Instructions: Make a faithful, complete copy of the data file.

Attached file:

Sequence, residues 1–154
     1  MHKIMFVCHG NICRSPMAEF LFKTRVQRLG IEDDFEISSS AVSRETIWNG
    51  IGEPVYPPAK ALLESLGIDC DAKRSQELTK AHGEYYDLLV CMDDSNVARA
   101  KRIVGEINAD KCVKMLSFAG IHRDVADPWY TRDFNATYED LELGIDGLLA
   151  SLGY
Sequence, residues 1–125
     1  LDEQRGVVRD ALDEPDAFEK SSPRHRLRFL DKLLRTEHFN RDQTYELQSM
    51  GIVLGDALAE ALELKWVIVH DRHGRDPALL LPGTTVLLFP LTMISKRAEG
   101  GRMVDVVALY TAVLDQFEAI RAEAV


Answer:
Sequence, residues 1–154
     1  MHKIMFVCHG NICRSPMAEF LFKTRVQRLG IEDDFEISSS AVSRETIWNG
    51  IGEPVYPPAK ALLESLGIDC DAKRSQELTK AHGEYYDLLV CMDDSNVARA
   101  KRIVGEINAD KCVKMLSFAG IHRDVADPWY TRDFNATYED LELGIDGLLA
   151  SLGY
Sequence, residues 1–125
     1  LDEQRGVVRD ALDEPDAFEK SSPRHRLRFL DKLLRTEHFN RDQTYELQSM
    51  GIVLGDALAE ALELKWVIVH DRHGRDPALL LPGTTVLLFP LTMISKRAEG
   101  GRMVDVVALY TAVLDQFEAI RAEAV